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International Energy Agency warns of low oil price danger

Governments should not count on oil prices remaining low when deciding their energy policies the head of the International Energy Agency (IEA) has warned

Energy companies have scaled back investments as oil prices have fallen, which will have serious implications for future projects, Fatih Birol told delegates at Singapore International Energy Week.

Investments in oil projects have dropped more than 20% in 2015. The bulk of spending cuts affect projects in Brazil and North America. Worryingly, the IEA estimates that investments could fall further in 2016.

“If true, it will be the first time in two decades that we see investment declining in two consecutive years and there could be grave implications for future oil markets”, said Birol. "One should think about the medium and long-term implications of this lack of investments."

“Our message is clear, attention to energy security should not be indexed to oil price. It’s such a pity that many governments invest their attention to oil security based on the oil price trajectory, which means when oil prices go down they think energy security is not a problem. This is a myopic way of thinking”, he added.

As a result of low oil prices, the IEA expects US light tight oil to decline considerably next year. US production of tight oil production has peaked and is expected to fall by 400,000 barrels/day (b/d) in 2016, said Birol. And if prices do not rebound significantly then output could fall faster.

He warned that geopolitical risks in the Middle East, in places like Libya, Yeman, Syria and Iraq, could disrupt supplies too, although lifting sanctions on Iran would boost production by some 400,000-600,000 b/d within a year.

Still, the IEA believes the global oil markets will have ample supplies until at least mid-2016. The Paris-based agency does not expect a strong price rebound in the short term.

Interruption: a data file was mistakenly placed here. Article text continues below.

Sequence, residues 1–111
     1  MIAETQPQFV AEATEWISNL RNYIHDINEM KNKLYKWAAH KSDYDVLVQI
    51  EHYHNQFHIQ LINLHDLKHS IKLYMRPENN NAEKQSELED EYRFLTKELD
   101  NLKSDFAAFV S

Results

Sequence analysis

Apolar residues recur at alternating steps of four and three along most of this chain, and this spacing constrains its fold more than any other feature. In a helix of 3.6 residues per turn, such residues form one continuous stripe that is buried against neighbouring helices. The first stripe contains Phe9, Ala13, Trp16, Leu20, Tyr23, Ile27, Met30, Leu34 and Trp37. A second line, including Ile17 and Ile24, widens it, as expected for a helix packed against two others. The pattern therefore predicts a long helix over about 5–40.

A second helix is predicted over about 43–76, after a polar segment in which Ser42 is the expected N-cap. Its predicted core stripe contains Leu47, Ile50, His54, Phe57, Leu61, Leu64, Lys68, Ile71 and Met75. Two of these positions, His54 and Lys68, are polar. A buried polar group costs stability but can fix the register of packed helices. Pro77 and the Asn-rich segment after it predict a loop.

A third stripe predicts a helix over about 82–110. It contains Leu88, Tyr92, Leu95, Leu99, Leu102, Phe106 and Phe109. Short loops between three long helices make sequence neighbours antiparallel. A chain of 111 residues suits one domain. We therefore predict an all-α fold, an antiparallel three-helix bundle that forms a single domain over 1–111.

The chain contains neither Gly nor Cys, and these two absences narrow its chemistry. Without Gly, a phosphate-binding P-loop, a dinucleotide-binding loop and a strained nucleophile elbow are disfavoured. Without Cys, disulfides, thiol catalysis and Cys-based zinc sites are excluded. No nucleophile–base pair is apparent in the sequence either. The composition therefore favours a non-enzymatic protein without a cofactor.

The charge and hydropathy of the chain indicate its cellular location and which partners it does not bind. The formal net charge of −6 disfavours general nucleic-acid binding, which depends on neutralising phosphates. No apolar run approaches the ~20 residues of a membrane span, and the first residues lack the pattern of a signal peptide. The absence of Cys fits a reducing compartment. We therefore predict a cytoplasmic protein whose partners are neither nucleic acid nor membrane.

Talking about the liquefied natural gas (LNG) markets, Birol said they are growing strongly, but not as much as the IEA would like to see. The LNG market is expected to expand to 500bn cubic metres/year (cm/y) by 2020, up from around 300bn cm/y, as production from Australia and the US ramps up, which is encouraging. But the major challenge for LNG markets in Asia is competition from coal, cautioned Birol.

“The (downward) pressure on gas prices is amplified by new supplies, but only very competitively priced LNG has a chance to beat coal in Asia”, Birol told the conference.

Coal-fired power has a significant economic advantage over gas-fired power. To produce 1 kWh of electricity from coal is 70% cheaper than from gas even in the low price environment, as long as there are no environmental restrictions or government regulations on pollution, added Birol. Southeast Asia is one of the few regions in the world where demand for coal is actually growing.

From a gas company’s point of view it is critical that they make themselves more attractive, especially in Asia. There are many alternatives, not just cheap coal, but also renewables, which are becoming cheaper and squeezing the markets for gas, warned Birol.

To cut rising demand for coal, economic instruments, such as carbon pricing, and local government policy to reduce pollution are needed. “But if left to pure economics we shall see a lot more coal in Southeast Asia. More worryingly a lot of the power plants being built are sub-critical, which means they are less efficient”, said Birol.

Investments in renewable energy remains strong as costs continue to fall, but government support will be crucial. “They must keep policies stable otherwise investors get mixed signals”, added Birol.

The IEA was established in 1974 by oil-importing nations as a counter to Opec and is a leading forecaster for energy markets, although major energy consumers China and India are not members.

Birol, who took over the top post at the IEA in September, aims to develop more organic relationships with consumers in Asia. Asked about the possibility of China or India joining the IEA, Birol said he hoped ministers from both countries would be at a November 17-18 ministerial meeting in Paris as special guests "which will strengthen the ties we have with those countries".

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